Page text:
Embassy of Brazil reacts to comparisons between Duterte and Bolsonaro
It is my duty to refer to the Opinion article “Brazil’s Duterte” by Gideon Lasco (1/3/19).
We share the view that freedom of the press is a precious value to the people and to society as a whole, one that cannot be underestimated. This value, I assure you, is vigorously praised by the Brazilian government and defended by the Brazilian people.
As much as I am aware that the column “Second Opinion” is not intended to project an opinion of the newspaper as an editorial does, I am well aware that its goal is to freely convey to readers an individual opinion, in this case Lasco’s.
Notwithstanding robust sources and research material that enlighten an article, I am persuaded that factual accuracy should always prevail.
It is within such a framework that I take this opportunity to clarify factual events mentioned in the article that do not correspond to reality.
President Jair Bolsonaro took office on Jan. 1, 2019, pursuant to the result of a democratic, broad and transparent electoral process. More than 150 million Brazilians participated in the elections, in two rounds of votes, whose strict compliance with the law was attested not only by the Brazilian Supreme Electoral Court but also by several international observers.
Thus, President Bolsonaro was duly elected by the vote of 58 million Brazilians, after a competitive campaign within the rule of the electoral law, a fact which — per se — reinforces the vitality of political institutions and democracy in Brazil.
As a result of the October 2018 presidential election, the Brazilian people renewed faith and high hopes in the government. Brazilians are confident that President Bolsonaro will be able to attain significant progress in the fight against corruption and urban violence, as well as in the process of government modernization and infrastructure improvement.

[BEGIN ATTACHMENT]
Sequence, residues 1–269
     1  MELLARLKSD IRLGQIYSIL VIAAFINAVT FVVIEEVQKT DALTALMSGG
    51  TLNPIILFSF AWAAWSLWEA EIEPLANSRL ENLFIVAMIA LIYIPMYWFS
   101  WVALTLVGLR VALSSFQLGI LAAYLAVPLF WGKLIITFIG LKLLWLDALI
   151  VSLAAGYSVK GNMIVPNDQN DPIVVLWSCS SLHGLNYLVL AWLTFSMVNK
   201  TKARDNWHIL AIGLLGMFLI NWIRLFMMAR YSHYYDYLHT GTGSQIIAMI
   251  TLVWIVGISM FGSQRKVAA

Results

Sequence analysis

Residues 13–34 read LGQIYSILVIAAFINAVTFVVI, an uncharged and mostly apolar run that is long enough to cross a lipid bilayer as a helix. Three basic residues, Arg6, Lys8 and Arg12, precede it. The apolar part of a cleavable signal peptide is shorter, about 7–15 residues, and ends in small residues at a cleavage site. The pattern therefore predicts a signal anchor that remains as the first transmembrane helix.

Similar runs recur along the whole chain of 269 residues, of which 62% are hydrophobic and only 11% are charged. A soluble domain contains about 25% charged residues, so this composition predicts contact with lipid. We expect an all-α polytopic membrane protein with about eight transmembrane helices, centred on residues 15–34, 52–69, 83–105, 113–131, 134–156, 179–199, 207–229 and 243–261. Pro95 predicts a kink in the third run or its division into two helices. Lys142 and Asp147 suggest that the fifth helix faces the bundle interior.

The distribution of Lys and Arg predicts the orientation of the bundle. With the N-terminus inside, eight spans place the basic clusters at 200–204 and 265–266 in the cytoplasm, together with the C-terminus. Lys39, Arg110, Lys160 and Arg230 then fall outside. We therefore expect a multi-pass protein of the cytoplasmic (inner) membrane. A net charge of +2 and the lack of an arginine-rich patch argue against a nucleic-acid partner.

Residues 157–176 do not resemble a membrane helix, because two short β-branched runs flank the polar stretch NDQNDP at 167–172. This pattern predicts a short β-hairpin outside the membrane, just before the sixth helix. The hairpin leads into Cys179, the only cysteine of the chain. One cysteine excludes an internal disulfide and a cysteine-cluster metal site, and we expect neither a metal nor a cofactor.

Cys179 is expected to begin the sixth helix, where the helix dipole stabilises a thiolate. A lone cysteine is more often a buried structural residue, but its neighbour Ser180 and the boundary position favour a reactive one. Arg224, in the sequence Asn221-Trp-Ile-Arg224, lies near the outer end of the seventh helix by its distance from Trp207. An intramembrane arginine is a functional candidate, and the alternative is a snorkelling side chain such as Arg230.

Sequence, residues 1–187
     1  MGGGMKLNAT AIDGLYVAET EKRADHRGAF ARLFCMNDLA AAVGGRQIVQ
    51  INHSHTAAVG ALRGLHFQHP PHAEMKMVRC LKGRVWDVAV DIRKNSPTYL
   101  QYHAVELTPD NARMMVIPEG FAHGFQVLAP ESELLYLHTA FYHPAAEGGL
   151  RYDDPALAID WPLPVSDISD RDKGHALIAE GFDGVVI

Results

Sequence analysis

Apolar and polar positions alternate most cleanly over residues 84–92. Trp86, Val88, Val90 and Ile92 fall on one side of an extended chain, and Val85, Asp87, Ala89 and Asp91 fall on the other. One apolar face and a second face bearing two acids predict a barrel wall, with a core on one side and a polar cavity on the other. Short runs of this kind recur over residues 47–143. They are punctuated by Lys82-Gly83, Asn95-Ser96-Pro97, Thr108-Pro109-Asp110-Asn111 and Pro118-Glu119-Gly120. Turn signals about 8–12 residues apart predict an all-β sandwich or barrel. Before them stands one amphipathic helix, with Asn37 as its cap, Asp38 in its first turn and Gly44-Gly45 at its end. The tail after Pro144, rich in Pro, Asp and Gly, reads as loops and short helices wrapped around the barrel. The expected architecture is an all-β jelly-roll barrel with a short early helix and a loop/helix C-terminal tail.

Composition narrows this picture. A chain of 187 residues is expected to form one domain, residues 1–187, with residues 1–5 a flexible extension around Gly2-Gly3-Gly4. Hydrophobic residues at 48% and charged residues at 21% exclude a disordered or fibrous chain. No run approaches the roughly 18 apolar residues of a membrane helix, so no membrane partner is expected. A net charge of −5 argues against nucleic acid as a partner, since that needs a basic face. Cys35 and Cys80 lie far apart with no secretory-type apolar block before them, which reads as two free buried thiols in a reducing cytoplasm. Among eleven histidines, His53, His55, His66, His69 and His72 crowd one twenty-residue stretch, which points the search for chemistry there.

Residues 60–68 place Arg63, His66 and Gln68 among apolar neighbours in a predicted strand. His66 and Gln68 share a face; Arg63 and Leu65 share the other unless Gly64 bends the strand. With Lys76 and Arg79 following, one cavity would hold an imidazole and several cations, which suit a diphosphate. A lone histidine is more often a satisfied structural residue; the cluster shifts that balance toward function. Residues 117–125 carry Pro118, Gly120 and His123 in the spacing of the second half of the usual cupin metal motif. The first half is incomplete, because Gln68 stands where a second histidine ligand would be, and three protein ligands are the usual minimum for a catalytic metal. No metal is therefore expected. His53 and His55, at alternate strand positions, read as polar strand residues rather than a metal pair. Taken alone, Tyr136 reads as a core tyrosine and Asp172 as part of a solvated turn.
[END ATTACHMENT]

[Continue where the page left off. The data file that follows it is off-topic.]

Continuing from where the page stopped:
By tackling these priorities, Bolsonaro’s administration aims at facilitating business (cutting what is generally called “Brazil cost”), providing public security and economic growth, all so eagerly desired by the population.
Indeed, we shall never forget that the fruit of corruption is money taken from the pocket of each and every citizen, and urban violence means freedom taken from the life of citizens regardless of social status.
As for the specific alleged characteristics of misogyny, homophobia and racism of the Brazilian president, it is appropriate to remind that His Excellency has never publicly acknowledged such positions.
On the other hand, he has repeatedly affirmed that his
government will not tolerate discrimination of any nature. It is my assessment that the quotes presented in the article were taken out of context and do not accurately portray the character of President Bolsonaro nor his policy agenda.
Lasco’s reference to a “police force known for brutality” in Brazil is also perceived as a less than proper generalization. According to Brazil’s federative structure, military police forces (commonly known as PM) are under the competence of state (provincial) governments, not the Union (federal government). In fact, state authorities are engaged daily in a tough fight against urban violence.
In the state of Sao Paulo, the most populous in Brazil, homicide levels have been decreasing steadily over the years. In the state of Rio de Janeiro, worsening urban violence led to the intervention of federal forces in the area of public security by the government of then President Michel Temer, with positive results.
I firmly believe that the present information may be useful to your distinguished readers.
RODRIGO DO AMARAL SOUZA,
Ambassador, Embassy of the Federative Republic of Brazil
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